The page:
The original interview (in Japanese) and pictures can be found here
How do you feel playing for the Hanshin Tigers?
Rafael Dolis (RD): I’d wanted to make my way out to Japan for awhile already, so I’m really happy to have been able to do it. I feel very fortunate the be a member of the Hanshin Tigers. A lot of ball players in America want to come over here and play, and I was lucky enough to get my ticket to play in the NPB. It’s a huge opportunity and I want to make something of it.
Before coming out here I had this vague idea that Japanese baseball wouldn’t be so different from the majors. But now that I have played here, I have come to realize that it’s really not all that similar. Japanese baseball has some really good elements to it. It’s hard to put into words, but it’s something that the American game lacks. It was kind of unexpected and it left me confused at first, but fortunately I was able to make adjustments and get used to the Japanese way fairly quickly.
What do you think you need to do in order to make something of this opportunity?
RD: I think the most important thing is to stay healthy. My job is to play baseball, and the most important thing for me to pitch well is to keep my body in good shape and take care of my health.
How is the communication with the manager and coaches?
RD: Kanemoto and the coaches, all of them talk to me about all kinds of things. Everyone is so approachable, which is pretty different from when I was playing in America. They don’t just ask how I’m doing or if I’m feeling alright, but they’ll say things to make sure I remain confident, which is really encouraging. I think their thoughtfulness helps me to just go out there and throw with confidence. In that sense, the communication here is really good.
How about your relationships with your teammates?
RD: It’s my second year and I’ve picked up a little bit of Japanese, so compared to last year, I think I am speaking in Japanese to my teammates more. But also, some of the guys are working on their English and are coming up and talking to me, too. I feel like we can communicate a fair amount without using an interpreter, so compared with last year, the communication is much better. I want to be able to communicate more and more with my teammates moving forward, too.
Who do you get along with the best among your teammates?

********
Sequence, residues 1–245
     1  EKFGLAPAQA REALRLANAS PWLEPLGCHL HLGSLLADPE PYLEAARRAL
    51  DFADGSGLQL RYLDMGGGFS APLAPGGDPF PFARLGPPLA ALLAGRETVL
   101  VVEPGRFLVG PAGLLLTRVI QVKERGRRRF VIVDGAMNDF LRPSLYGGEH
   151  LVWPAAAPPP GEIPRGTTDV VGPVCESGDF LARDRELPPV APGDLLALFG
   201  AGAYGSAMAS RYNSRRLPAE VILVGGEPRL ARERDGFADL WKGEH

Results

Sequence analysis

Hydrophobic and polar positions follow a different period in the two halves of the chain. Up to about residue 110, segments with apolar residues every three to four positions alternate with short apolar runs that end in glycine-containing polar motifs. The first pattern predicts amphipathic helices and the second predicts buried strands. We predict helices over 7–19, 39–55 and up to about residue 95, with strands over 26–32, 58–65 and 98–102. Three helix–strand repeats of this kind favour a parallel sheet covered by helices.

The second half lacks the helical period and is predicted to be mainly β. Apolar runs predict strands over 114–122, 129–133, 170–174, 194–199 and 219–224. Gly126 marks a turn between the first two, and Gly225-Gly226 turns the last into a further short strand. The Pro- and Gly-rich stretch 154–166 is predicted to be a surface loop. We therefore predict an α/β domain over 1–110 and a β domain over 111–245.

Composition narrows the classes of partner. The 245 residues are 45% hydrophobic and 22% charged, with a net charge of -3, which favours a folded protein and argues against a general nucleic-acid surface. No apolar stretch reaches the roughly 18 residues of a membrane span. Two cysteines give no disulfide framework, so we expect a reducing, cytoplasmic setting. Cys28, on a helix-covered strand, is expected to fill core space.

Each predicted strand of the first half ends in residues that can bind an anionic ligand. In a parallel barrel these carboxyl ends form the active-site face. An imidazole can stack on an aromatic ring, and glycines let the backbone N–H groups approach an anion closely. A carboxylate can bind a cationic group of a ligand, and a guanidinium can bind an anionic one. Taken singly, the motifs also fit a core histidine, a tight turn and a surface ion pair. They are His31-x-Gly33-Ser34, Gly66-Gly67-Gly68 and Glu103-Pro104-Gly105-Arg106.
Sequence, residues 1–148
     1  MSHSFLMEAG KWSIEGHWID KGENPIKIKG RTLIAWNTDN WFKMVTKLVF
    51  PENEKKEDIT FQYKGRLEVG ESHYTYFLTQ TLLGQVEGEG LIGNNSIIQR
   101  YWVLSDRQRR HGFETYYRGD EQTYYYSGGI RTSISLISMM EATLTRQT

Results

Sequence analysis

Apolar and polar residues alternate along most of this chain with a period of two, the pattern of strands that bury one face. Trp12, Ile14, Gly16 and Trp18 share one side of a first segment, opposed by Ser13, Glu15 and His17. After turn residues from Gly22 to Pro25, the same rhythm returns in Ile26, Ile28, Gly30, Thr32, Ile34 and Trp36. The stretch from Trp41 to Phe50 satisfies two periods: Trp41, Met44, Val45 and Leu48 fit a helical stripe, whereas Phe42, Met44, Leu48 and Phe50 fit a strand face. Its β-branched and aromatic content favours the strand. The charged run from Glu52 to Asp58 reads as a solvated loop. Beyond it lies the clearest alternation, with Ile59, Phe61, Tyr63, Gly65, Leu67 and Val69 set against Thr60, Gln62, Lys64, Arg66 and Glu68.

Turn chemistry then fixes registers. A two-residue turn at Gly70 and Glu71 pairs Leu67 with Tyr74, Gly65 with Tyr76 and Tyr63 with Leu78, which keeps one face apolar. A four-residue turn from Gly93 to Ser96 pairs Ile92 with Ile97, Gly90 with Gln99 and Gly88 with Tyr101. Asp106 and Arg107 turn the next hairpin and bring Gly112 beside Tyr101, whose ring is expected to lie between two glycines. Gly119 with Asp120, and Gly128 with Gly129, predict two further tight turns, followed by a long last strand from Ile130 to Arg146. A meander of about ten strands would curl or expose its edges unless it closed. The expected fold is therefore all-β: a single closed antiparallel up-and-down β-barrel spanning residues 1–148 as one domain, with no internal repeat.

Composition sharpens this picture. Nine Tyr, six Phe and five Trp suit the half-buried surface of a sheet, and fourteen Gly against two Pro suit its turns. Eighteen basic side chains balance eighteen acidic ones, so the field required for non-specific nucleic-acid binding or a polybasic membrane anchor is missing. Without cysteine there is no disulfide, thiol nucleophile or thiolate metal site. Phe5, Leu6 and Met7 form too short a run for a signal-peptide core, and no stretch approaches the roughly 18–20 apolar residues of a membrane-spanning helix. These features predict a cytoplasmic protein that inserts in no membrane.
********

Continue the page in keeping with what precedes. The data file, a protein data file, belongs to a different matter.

RD: I feel like the team has a real sense of unity these days. I feel like everyone gets along with everyone really well. So really, I wouldn’t say I get along particularly well with any one person. I personally don’t want to get along well with some guys and not others. I hope we can be just like a family where everyone plays well together.
Fans are kind of members of the family, too. How do you feel about the Tigers fans at Koshien?
RD: It’s so amazing. I have never experienced support from fans the way that I have at Koshien. I really feel like their cheering becomes my strength when I’m on the mound. When I step on that mound, the cheering is so incredible that I feel like I’ve got to get the save so that the fans leave the stadium satisfied.
How do you spend your days off?
RD: I go out with my family a lot. For example, we’ll all go to Sannomiya in Kobe and shop together, things like that.
Do you have a favorite place in Japan?
RD: I can’t really choose any one place, because I have liked every part of Japan that I have been to. If I had to choose one place, I would say Kobe, since I live there (laughs).
I really love nature a lot, and I feel like Kobe has a lot to offer. You can go to the mountains, to the ocean, to rivers, anywhere. I like Kobe a lot for that reason, too.
You’re originally from the Dominican Republic, but you left your homeland to live in America, and now Japan. Have you gotten used to it?
RD: From the time I was with the Cubs, I have been in pro baseball for 14 years, so I have gotten used to it. My family is getting used to it as well. We don’t feel any loneliness or homesickness living abroad. But when I made my debut in the minors, when I moved to America for the first time in 2006, I felt lonely. Mind you, my family wasn’t with me back then. But I’ve grown pretty fond of my surroundings, and I’ve gotten to know lots of people since coming to Japan, including my teammates, so in a way I feel like I have two families.
How do you evaluate your play so far this year?
RD: I feel really good about it so far. I say this all the time, but I just have to work hard and make the most of every chance I am given. I feel like so far I have gotten good results.
I haven’t set any particular goals for the season. When I’m on the mound, I want to save the game, and when I get it, I start thinking about the next game. I don’t look far ahead. I just try to get today’s job done today.
The team has put itself in a position to win the championship. What do you think the team needs most in order to win?
RD: Right now we’re playing really well. I think every guy just has to go out there and do his job well. The hitters have to hit, and the pitchers need to throw hard and do their part. It sounds really obvious when I put it that way, but the whole team is working hard right now, so we just have to just keep going in the direction we’ve been going.
Finally, give the fans a short message.
RD: I’m so thankful for all your passion and encouragement up until now. I always feel like I am playing for you, the fans, when you cheer with all that energy. The team is in good shape right now but we’re not satisfied with our place in the standings. We are aiming higher and higher. We want to win out the Climax Series and finish with a Nippon Ichi (Nippon Series Championship), so we’re counting on you to keep cheering us on.